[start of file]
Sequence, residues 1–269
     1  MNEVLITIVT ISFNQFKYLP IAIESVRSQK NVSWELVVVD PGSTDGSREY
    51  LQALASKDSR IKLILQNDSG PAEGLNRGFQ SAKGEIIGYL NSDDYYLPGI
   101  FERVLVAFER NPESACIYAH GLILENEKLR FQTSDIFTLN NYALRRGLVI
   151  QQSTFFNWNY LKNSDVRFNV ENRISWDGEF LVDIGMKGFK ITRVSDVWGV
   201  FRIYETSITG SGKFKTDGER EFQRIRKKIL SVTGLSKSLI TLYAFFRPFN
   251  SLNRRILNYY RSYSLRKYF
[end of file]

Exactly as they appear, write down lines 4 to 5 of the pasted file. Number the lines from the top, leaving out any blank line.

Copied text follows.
   101  FERVLVAFER NPESACIYAH GLILENEKLR FQTSDIFTLN NYALRRGLVI
   151  QQSTFFNWNY LKNSDVRFNV ENRISWDGEF LVDIGMKGFK ITRVSDVWGV